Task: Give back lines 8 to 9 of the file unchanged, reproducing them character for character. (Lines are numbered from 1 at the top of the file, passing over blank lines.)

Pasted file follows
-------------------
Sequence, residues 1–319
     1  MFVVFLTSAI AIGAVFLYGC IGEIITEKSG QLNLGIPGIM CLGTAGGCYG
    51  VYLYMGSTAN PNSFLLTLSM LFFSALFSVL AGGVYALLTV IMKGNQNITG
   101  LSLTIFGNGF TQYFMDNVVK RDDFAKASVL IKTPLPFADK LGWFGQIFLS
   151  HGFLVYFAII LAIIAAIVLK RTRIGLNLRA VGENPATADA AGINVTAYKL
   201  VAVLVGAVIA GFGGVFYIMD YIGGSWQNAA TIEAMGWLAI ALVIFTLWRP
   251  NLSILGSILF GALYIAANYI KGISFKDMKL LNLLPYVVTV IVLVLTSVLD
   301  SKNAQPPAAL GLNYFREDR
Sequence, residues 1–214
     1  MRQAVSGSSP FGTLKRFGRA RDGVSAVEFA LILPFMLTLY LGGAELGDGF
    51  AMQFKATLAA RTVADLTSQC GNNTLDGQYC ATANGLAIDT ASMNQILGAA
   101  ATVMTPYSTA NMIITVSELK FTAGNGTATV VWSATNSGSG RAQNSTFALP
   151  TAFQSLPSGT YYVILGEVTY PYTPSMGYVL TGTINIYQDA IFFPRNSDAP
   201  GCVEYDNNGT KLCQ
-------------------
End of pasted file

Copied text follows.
   301  SKNAQPPAAL GLNYFREDR
Sequence, residues 1–214